Don’t Fear DIYbio

Biological tinkerers are not the risk that some have made them out to be, according to a new report.

By | November 19, 2013

FLICKR, DULLHUNKAmateur biologists working in community do-it-yourself (DIY) laboratories—or even their own garages—are unlikely to pose a serious threat to society, according to a report released today (November 19) by the Synthetic Biology Project at the Woodrow Wilson International Center for Scholars in Washington, DC.

“There’s been a lot of debate in the biosecurity community about what DIYers may or may not be doing, from making narcotics to pandemics to viruses that kill heads of state (I’m not joking),” Wilson fellow Daniel Grushkin, a coauthor of the new report, wrote in an e-mail to ScienceInsider. Indeed, many have debated the need for greater oversight of such DIY efforts. But the Synthetic Biology Project’s survey of the DIYbio community suggests that such fears are unfounded, and Grushkin hopes researchers will start to focus on the opportunities that the DIY community represents, including improving science education and awareness, and perhaps even advancing technology and research.

“[Some] believe DIYbio can inspire a generation of bioengineers to discover new medicines, customize crops to feed the world’s exploding population, harness microbes to sequester carbon, solve the energy crisis, or even grow our next building materials,” Grushkin and his coauthors wrote in the report. “Many Do-It-Yourself participants—or DIYers—believe that wider access to the tools of biotechnology, particularly those related to the reading and writing of DNA, has the potential to spur global innovation and promote biology education and literacy.”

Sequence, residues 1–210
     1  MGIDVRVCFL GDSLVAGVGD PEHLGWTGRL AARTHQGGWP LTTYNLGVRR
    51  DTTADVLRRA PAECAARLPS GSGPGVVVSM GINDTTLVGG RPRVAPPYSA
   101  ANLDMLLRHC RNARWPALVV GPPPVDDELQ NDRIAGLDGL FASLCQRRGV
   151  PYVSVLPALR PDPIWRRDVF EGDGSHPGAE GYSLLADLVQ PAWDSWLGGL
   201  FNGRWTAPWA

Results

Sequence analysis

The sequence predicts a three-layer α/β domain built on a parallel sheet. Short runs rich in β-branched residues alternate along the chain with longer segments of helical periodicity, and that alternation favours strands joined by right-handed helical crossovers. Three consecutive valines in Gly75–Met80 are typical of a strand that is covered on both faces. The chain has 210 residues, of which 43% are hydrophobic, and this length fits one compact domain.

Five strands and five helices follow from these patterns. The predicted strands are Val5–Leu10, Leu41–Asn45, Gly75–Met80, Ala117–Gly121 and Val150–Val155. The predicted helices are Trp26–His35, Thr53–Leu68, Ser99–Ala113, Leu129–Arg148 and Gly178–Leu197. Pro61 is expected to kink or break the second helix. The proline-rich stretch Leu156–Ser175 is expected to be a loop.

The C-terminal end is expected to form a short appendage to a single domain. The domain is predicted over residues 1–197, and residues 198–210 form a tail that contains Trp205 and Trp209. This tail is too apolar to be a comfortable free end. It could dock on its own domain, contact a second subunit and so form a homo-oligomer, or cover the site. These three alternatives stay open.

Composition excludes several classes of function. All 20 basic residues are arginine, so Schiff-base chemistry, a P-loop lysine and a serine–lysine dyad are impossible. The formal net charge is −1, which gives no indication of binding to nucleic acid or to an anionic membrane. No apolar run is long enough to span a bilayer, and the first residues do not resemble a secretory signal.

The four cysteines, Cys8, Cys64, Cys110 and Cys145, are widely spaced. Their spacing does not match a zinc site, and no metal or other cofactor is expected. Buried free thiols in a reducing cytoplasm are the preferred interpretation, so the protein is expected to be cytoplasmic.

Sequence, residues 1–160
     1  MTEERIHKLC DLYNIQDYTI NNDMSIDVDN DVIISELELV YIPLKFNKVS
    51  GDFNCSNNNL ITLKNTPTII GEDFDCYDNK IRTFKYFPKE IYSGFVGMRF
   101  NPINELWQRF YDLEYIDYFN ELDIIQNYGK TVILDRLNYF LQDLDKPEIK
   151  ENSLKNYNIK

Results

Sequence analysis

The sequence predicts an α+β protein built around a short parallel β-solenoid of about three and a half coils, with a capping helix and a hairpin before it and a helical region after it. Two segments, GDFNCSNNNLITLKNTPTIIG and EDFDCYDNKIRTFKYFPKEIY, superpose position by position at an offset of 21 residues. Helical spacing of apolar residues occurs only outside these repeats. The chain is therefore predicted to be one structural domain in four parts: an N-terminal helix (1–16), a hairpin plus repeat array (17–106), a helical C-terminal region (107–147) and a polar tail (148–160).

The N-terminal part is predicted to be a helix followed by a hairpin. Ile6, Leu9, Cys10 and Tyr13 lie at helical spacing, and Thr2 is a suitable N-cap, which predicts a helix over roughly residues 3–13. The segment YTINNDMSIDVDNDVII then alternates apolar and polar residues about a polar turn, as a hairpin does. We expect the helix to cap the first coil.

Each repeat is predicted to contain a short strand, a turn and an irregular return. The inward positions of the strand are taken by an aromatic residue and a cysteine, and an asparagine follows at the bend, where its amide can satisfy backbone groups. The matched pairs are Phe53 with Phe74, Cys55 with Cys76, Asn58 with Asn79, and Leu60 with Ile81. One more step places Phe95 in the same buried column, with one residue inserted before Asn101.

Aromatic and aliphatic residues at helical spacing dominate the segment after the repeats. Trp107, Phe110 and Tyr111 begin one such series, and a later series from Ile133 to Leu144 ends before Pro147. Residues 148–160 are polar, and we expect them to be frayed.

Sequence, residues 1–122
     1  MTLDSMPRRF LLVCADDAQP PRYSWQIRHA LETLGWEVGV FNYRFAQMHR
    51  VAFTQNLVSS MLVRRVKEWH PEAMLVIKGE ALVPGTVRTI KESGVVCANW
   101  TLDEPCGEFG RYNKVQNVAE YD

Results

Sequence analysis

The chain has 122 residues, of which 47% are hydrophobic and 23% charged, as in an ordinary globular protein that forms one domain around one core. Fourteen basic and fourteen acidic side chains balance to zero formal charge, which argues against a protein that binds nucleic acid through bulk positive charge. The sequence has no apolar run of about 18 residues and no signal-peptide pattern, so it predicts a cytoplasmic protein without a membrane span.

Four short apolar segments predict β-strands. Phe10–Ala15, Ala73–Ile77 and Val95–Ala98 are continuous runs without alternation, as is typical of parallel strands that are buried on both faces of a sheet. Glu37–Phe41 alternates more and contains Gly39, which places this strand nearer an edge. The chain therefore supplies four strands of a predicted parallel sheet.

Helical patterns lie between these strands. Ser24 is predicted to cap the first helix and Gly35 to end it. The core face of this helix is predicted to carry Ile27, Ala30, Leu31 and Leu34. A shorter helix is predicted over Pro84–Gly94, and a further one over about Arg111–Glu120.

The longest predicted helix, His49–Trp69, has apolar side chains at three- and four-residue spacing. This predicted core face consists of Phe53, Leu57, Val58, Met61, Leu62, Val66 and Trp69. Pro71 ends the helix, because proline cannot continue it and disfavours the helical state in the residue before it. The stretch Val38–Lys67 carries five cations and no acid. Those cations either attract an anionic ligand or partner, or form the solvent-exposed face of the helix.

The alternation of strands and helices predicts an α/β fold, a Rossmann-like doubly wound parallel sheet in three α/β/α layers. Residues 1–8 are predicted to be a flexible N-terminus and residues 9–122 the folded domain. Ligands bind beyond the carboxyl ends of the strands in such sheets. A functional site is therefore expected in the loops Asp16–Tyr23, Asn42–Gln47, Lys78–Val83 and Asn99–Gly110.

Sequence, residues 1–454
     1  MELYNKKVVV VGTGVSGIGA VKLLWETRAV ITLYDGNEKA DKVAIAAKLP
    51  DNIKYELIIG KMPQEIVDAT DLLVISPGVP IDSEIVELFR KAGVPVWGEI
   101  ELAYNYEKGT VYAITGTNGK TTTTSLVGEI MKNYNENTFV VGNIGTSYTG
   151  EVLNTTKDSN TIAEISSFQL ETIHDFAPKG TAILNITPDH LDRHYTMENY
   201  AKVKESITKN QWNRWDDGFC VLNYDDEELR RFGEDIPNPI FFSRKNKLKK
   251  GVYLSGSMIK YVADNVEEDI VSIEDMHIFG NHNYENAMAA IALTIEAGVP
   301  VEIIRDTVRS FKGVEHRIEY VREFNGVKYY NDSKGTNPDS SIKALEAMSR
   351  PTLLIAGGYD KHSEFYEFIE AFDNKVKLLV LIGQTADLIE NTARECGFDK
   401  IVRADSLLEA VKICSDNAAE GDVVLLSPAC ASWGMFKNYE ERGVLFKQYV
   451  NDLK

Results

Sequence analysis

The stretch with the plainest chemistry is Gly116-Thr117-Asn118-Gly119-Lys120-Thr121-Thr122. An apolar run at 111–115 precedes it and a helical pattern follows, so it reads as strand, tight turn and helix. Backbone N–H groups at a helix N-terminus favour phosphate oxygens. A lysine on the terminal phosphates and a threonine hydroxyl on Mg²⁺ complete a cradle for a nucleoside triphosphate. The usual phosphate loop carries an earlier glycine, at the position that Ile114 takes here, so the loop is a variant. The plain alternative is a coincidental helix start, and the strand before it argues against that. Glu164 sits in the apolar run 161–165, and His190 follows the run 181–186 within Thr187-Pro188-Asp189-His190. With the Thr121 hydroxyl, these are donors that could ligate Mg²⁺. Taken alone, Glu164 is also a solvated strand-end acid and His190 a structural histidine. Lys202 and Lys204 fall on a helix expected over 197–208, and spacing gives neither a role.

At the same time, the report cautions against believing the unproven hype often touted in some media reports. “The reality, as it stands, is that DIYbio is far more innocuous than either vision”—fear concerning such amateur-driven research or blind faith in its potential.

According to the online survey, which received 359 responses from the DIY community, the vast majority of DIYers work in community labs, with less than 10 percent of respondents reporting doing work on their own at home. Moreover, while some reported fairly sophisticated projects, such as manufacturing PCR machines for a fraction of the retail cost, most amateur biologists reported doing harmless, basic experiments, such as DNA extraction from a cheek swab.

The report also revealed that many DIYers are open to more formalized regulation of their work. While just 25 percent said they think such oversight is needed at the moment, about half of respondents noted it would likely become necessary in the future.

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